Scholars enrolled in the Batten Honors College will have an opportunity to use their classroom learning to address real-world problems in a structured service experience locally, regionally, or abroad. Specific learning objectives defined within the service learning course will ensure that scholars engage in a meaningful experience, learn course content, and reflect on the social, political, ethical, and economic issues related to the service.
First Year Student Service Project
The 2022 BHC Orientation included a service learning project in Chesapeake, Virginia where they planted trees to help reduce flooding in a neighborhood. They collaborated with the Elizabeth River Project, Living River Trust, Wetlands Watch, and the city of Chesapeake staff.
Invasive Species Project
As a part of the first year BHC orientation, students participated in a campus service project to better understand horticulture and sustainability. They were tasked with removing invasive species from campus such as Chinese Privet, Japanese Honeysuckle, and English Ivy.
Food Bank Supply Packing w/ Haygood United Methodist Church
BHC students have remained active through volunteer service during COVID-19. A group of students partnered with a local Church to pack bag meals that were delivered to local food banks and support the surrounding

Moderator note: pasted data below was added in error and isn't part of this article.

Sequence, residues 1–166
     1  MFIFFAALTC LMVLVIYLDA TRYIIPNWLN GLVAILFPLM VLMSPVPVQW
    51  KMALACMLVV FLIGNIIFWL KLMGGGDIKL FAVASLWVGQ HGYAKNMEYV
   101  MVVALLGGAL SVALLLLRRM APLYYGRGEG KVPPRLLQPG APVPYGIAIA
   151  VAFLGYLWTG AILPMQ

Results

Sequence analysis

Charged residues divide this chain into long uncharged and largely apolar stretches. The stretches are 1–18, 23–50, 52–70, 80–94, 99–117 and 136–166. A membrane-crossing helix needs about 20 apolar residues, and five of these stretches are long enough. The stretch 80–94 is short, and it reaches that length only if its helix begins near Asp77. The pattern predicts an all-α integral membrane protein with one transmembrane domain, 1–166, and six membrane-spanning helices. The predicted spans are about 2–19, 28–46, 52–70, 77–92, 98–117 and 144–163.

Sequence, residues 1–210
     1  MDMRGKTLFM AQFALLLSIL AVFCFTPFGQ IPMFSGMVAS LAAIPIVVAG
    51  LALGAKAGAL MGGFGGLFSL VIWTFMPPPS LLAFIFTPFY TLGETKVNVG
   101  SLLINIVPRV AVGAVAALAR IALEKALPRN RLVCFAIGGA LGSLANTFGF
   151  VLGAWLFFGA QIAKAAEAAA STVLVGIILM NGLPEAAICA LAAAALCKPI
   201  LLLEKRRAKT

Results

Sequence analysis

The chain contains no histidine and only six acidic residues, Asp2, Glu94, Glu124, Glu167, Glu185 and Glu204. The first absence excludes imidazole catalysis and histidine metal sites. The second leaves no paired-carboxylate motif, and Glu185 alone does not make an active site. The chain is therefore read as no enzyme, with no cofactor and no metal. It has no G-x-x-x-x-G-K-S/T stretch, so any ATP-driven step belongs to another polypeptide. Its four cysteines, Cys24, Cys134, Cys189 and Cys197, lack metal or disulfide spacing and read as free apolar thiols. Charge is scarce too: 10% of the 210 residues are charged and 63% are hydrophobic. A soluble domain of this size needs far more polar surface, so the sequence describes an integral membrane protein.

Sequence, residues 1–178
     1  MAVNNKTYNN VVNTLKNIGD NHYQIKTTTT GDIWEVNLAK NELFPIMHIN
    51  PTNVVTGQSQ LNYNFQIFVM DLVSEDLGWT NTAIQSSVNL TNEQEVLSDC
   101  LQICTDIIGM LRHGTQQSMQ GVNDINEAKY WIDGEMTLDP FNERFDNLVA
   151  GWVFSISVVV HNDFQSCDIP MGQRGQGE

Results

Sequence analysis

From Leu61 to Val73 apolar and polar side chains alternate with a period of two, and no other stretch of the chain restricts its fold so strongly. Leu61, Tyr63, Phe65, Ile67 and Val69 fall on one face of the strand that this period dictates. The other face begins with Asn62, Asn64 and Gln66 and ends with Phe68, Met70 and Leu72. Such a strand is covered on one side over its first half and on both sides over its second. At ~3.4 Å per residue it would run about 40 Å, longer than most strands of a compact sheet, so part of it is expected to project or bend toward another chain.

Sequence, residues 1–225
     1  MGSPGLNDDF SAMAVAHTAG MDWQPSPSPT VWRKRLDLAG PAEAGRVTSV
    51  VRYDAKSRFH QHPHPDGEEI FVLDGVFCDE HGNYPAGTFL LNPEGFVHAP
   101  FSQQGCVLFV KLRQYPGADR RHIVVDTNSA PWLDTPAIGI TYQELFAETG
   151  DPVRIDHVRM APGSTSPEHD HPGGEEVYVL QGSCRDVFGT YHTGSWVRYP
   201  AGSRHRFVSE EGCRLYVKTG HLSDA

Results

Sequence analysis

Scholars will participate in a transformative global engagement opportunity. Scholars investigate concepts, issues, and ideas relevant to the culture and travel destination(s) in an integrated academic journey that includes engagement in a service or research project that addresses the particular need(s) of that community and involves interaction with representative community members, constituencies, and agencies.
Experiential learning emphasizes hands-on learning inside and outside the traditional classroom. Scholars develop as independent learners and turn theory into practical skills as participants in advanced experiential learning programs including extended study-abroad, internship, and research opportunities.
Scholars enrolled in the Batten Honors College will be encouraged to reflect on their own learning throughout the core courses, which will culminate in the Honors capstone course. In the capstone course, students reflect on their academic, cultural, social, and service experiences and integrate these experiences, skills, and knowledge into individual or team projects. Scholars are given the option to share their projects at the campus research symposium.
Scholars are also encouraged to submit their capstone project, undergraduate research, honors course project, or service learning work to the National Collegiate Honors Council, Southern Regional Honors Council, Virginias Collegiate Honors Council, or another academic venue for presentation consideration at a professional conference.
The Batten Honors College is a four year residential program. Many BHC students come in with some college credits and on an accelerated path to completing their Baccalaureate degree. Assuming satisfactory academic and social progress, BHC students may apply to use their fourth year to enroll in a VWU graduate program. In order to retain their BHC financial award, students must serve the campus community by acting as academic coaches to undergraduate students.